From Climate Change to Asset Prices

by Riccardo Rebonato, Professor of Finance, EDHEC-Risk Institute

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The last ten or so years have seen a sea change in the degree of engagement of the financial and investment communities with climate change. There have been innovative ideas to finance the (massive) investment required to build renewable sources of energy to scale or establish carbon sequestration and negative-emission technologies. There has also been a strong commitment by many asset managers to disinvest from carbon-emitting sectors, and to invest in green industries, thereby shifting, it is hoped, the relative cost of capital. Some major sovereign investment funds have taken resolute steps in this direction as well. And, with more and more insistence, investors have begun to ask the existential question of whether it is indeed possible to do well while doing good.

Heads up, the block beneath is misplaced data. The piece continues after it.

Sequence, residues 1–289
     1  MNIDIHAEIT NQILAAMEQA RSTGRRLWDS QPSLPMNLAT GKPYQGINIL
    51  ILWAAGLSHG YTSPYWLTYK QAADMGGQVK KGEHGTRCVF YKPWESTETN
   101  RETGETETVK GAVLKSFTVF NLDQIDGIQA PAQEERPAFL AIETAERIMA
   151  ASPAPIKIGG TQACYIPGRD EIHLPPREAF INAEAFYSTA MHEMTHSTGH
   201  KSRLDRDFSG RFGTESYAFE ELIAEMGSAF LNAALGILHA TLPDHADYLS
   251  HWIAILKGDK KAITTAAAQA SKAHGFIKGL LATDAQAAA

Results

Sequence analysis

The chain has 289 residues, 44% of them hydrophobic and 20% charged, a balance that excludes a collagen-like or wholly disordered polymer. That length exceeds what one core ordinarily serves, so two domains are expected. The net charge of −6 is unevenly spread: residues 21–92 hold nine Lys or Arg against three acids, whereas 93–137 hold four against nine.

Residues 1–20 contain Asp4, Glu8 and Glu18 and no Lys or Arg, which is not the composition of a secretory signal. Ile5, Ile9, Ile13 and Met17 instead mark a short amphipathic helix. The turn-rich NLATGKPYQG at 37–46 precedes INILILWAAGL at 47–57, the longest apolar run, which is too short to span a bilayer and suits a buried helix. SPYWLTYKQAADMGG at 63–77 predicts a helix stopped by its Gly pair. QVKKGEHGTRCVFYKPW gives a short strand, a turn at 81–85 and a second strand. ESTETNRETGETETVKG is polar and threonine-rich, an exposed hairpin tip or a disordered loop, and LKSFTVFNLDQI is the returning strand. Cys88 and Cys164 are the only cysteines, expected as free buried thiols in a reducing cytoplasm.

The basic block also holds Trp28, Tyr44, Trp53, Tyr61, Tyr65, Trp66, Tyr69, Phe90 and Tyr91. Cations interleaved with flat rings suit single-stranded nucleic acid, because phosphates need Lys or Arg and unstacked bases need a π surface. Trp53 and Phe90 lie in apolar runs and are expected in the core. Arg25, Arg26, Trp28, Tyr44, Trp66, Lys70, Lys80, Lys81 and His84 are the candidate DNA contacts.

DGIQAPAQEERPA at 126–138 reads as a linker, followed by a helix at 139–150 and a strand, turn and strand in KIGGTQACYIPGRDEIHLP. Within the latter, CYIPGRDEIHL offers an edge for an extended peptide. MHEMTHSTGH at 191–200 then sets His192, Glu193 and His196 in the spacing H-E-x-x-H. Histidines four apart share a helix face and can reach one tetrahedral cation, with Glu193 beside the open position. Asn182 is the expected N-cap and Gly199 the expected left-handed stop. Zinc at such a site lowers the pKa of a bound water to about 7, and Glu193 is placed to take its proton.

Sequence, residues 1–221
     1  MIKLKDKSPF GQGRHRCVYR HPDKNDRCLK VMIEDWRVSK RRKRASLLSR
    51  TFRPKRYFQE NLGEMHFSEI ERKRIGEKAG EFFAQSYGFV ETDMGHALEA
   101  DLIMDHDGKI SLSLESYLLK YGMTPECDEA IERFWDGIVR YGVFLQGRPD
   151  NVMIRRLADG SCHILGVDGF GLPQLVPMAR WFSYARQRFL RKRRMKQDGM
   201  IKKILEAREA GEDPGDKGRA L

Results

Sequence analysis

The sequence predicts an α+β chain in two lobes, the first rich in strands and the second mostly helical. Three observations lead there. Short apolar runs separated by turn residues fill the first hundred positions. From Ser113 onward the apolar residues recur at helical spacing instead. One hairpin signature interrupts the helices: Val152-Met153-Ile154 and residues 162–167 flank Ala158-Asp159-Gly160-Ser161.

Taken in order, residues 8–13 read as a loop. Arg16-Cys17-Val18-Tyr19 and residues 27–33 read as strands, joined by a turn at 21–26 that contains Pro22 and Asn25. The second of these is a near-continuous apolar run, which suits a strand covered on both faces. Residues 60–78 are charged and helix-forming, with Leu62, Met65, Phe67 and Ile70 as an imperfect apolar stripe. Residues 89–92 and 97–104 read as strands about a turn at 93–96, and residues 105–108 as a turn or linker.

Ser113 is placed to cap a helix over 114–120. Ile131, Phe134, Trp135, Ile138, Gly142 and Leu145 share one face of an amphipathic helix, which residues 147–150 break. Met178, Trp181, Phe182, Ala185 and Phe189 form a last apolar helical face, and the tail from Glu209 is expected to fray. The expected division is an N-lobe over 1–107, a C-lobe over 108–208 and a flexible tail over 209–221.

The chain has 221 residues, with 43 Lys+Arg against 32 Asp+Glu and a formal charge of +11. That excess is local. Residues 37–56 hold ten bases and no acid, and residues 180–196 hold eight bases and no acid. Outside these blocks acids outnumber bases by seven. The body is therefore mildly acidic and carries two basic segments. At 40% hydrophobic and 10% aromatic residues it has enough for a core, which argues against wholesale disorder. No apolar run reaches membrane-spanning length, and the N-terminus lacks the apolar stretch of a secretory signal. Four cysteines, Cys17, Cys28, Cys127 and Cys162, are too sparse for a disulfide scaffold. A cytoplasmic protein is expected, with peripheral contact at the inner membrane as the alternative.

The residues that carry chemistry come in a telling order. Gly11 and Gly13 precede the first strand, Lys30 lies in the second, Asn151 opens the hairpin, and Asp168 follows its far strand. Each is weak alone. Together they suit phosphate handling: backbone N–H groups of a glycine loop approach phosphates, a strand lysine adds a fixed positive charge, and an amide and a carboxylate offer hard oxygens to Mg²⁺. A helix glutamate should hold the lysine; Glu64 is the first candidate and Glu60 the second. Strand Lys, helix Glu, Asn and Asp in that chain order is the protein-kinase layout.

All of these steps are encouraging. The focus, however, has so far mainly shifted from finance to the abatement of climate change. Another, equally important, dimension should be considered: what will the impact be of climate change, and of the seriousness of our abatement effort, on asset prices? How will investors fare under different scenarios of climate change abatement and climate outcomes? There is more to answering this question than looking at `winners and losers’ in different sectors under different climate scenarios, assessing the value of stranded assets, or gauging the sectoral impact of adaptation. It is not just the climate outcomes, but also our actions in abating climate change – or lack thereof – that will have a profound effect on asset returns. We are only just beginning to acquire the analytical tools to answer these questions. The implications for investors are going to be major, but they are still poorly understood.